Dr. Walters thinks that another factor on the success under PGP is related with population size. It seems that no PGP group was able to get a bonus by managing Medicare populations below 15,000 patients. Dartmouth managed 32,000 patients and St. John's managed 29,000 patients.

Dartmouth also a focus on managing patients with CHF.
They selected high risk patient populations based on:
3 comorbidities, > 7 E&M visits, >10K on total Medical expenses or patients on 3 different classes of medications. They marked this patients as "Goldstar".

Dr. Walters had a practical way to define patients that are attributed to the Medicare ACO/PGP program- if >3 visits with the group doctors, they belong to the group.

Dartmouth also used commercial software to define high risk populations ("Episode Treatment Groups") and they got the same results by just asking medical offices about who were the high risk patients. Medical offices were advised to give same day appointments to anyone on the priority list (Goldstar patients) that called.


Craig Samitt, MD, Chief Executive Officer, Dean Health

Dr. Samitt talked about his experience of doing a transition from a volume based healthcare system to a value based system. He previously worked with Harvard Pilgrim and with Fallon Clinic in Massachusetts.

PCPs are essential on this transition. Interestingly, PCPs only earn 4% of total medical expenses (TME). Dean gave a 15% payment increase to PCPs (with a negligible effect on TME) and saved a lot of money.

Dean moved to a Value system by paying doctors based on Access/Growth (the doctor can choose new patient growth or appointment availability), patient satisfaction, quality (doctors can choose quality measures on the first year, then improve quality on second year) and achieving meaningful use.

They reward doctors with a blend of corporate performance (total cost of care), department level performance (quality) and individual performance (patient satisfaction).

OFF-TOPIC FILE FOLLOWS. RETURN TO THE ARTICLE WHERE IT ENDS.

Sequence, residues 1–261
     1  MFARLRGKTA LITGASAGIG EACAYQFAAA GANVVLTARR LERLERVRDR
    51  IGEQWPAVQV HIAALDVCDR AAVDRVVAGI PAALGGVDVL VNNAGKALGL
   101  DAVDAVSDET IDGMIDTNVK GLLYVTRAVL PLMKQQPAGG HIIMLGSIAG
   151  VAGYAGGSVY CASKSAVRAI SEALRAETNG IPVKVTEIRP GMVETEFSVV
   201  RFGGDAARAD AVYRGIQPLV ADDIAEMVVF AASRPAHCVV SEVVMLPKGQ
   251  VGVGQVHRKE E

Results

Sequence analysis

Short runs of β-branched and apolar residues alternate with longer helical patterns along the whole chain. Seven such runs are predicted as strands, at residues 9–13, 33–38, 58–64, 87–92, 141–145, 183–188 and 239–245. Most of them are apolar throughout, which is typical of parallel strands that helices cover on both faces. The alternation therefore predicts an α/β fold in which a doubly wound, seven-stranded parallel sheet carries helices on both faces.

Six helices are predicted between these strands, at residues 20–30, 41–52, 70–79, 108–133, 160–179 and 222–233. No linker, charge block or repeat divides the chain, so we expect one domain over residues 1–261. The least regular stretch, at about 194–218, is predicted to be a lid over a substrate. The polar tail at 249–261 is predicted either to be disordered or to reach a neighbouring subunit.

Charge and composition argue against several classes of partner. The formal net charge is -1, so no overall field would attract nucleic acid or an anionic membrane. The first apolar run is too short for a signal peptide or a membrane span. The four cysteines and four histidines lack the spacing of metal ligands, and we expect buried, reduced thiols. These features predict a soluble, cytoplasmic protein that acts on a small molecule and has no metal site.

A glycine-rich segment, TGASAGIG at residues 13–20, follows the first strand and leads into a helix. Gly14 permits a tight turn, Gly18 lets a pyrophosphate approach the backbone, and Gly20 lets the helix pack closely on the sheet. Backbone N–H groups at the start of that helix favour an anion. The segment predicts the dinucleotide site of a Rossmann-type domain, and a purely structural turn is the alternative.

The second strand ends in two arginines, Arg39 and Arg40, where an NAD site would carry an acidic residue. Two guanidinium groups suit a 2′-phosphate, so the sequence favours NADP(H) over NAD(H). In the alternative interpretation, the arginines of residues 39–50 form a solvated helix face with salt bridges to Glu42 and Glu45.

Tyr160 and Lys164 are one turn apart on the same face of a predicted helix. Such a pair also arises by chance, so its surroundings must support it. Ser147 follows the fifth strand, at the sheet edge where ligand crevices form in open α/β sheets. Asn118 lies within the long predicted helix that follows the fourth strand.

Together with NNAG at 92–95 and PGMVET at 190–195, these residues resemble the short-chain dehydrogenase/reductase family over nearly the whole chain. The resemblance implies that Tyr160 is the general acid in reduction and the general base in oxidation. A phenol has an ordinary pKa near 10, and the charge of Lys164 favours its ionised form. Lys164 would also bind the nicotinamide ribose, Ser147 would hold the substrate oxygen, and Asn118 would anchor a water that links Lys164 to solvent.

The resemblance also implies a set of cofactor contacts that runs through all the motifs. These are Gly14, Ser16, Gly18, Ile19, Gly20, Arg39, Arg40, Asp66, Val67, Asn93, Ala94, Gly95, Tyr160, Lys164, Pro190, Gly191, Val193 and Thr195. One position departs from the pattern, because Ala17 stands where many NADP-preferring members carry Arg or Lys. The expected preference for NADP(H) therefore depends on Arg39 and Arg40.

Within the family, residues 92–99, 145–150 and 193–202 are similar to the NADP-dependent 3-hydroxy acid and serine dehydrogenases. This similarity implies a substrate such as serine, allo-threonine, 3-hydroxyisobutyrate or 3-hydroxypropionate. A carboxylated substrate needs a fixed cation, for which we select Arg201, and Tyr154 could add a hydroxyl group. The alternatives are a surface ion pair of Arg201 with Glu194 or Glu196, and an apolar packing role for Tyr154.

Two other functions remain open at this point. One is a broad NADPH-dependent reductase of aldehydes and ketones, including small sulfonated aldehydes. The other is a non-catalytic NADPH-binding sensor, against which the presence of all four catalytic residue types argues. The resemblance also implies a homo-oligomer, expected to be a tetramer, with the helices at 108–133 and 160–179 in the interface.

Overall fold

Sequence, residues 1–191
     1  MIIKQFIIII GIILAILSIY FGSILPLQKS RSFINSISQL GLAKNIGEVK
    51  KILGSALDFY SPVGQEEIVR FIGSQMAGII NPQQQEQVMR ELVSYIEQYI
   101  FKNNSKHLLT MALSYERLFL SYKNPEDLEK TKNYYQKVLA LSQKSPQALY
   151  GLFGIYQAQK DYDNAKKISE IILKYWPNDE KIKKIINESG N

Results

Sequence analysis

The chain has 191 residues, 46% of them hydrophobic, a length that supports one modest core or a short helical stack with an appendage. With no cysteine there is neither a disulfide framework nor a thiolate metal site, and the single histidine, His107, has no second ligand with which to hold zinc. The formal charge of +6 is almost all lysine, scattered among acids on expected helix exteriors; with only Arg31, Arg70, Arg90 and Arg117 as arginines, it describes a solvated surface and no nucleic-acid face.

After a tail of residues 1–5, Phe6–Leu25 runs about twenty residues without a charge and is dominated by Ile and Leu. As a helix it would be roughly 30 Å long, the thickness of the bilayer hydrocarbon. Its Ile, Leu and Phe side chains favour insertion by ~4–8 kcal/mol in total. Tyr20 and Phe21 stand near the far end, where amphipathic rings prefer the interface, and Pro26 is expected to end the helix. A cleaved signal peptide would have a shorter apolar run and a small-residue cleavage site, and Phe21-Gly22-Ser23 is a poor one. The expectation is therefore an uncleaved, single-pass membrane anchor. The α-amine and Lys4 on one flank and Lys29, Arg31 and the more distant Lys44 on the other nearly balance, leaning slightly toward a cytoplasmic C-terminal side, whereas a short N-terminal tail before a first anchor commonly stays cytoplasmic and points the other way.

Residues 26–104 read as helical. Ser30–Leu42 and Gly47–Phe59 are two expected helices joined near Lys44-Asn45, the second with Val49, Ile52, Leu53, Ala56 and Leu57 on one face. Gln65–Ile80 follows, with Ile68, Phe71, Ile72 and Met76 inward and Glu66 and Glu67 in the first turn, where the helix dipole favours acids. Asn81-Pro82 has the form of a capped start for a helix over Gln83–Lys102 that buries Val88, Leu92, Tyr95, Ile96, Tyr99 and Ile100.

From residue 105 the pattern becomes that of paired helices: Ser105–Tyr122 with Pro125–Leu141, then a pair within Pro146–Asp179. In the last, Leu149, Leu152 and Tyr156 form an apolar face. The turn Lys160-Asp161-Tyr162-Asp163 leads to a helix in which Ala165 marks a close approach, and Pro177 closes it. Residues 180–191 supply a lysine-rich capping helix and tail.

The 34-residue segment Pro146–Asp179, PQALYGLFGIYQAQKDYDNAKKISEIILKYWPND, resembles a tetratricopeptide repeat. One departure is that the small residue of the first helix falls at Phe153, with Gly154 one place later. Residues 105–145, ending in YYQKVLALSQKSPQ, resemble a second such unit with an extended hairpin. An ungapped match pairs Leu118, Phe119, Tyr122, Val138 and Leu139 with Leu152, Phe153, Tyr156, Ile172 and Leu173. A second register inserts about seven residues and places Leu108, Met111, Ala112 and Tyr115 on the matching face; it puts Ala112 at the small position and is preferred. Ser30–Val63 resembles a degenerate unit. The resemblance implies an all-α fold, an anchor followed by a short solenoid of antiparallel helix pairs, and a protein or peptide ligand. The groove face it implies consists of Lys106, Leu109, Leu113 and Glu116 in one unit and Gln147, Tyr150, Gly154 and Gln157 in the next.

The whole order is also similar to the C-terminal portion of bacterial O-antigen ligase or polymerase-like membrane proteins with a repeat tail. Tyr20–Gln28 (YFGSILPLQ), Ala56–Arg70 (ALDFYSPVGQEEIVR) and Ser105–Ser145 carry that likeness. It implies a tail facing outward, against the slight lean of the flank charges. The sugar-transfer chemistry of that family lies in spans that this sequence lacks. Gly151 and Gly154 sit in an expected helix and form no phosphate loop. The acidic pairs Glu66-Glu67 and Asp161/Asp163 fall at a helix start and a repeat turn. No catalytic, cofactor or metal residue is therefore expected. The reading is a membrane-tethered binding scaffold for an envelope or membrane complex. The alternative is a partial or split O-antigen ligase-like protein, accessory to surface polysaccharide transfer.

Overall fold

They measure performance first then link to compensation. They offer a menu of options to make transition palatable.

Dean System made the incentive small initially (1-2% each) with low thresholds and then changed the metrics, increased the weights, decreased the options and raised the thresholds over time.

Received $18,000 check from Medicare for Meaningful Use Attestation with Care360 EHR

I submitted my Medicare EHR Incentive Attestation with Care360 EHR on April 18, 2011
I got a $18,000 Medicare check today:

"CMS FAQ on Payment for the Medicare EHR Incentive Program:

Question: I am an eligible professional (EP) who has successfully attested for the Medicare EHR Incentive Program, so why haven't I received my incentive payment yet?

Answer: For EPs, incentive payments for the Medicare EHR Incentive Program will be made approximately four to eight weeks after an EP successfully attests that they have demonstrated meaningful use of certified EHR technology. However, EPs will not receive incentive payments within that timeframe if they have not yet met the threshold for allowed charges for covered professional services furnished by the EP during the year.

The Medicare EHR incentive payments to EPs are based on 75% of the estimated allowed charges for covered professional services furnished by the EP during the entire payment year. Therefore, to receive the maximum incentive payment of $18,000 for the first year of participation in 2011 or 2012, the EP must accumulate $24,000 in allowed charges. If the EP has not met the $24,000 threshold in allowed charges at the time of attestation, CMS will hold the incentive payment until the EP meets the $24,000 threshold in order to maximize the amount of the EHR incentive payment the EP receives. If the EP still has not met the $24,000 threshold in allowed charges by the end of calendar year, CMS expects to issue an incentive payment for the EP in March 2012 (allowing 60 days after the end of the 2011 calendar year for all pending claims to be processed).

Payments to Medicare EPs will be made to the taxpayer identification number (TIN) selected at the time of registration, through the same channels their claims payments are made. The form of payment (electronic funds transfer or check) will be the same as claims payments.

Bonus payments for EPs who practice predominantly in a geographic Health Professional Shortage Area (HPSA) will be made as separate lump-sum payments no later than 120 days after the end of the calendar year for which the EP was eligible for the bonus payment.

Want more information about the EHR Incentive Programs?
Make sure to visit the CMS EHR Incentive Programs website for the latest news and updates on the EHR Incentive Programs."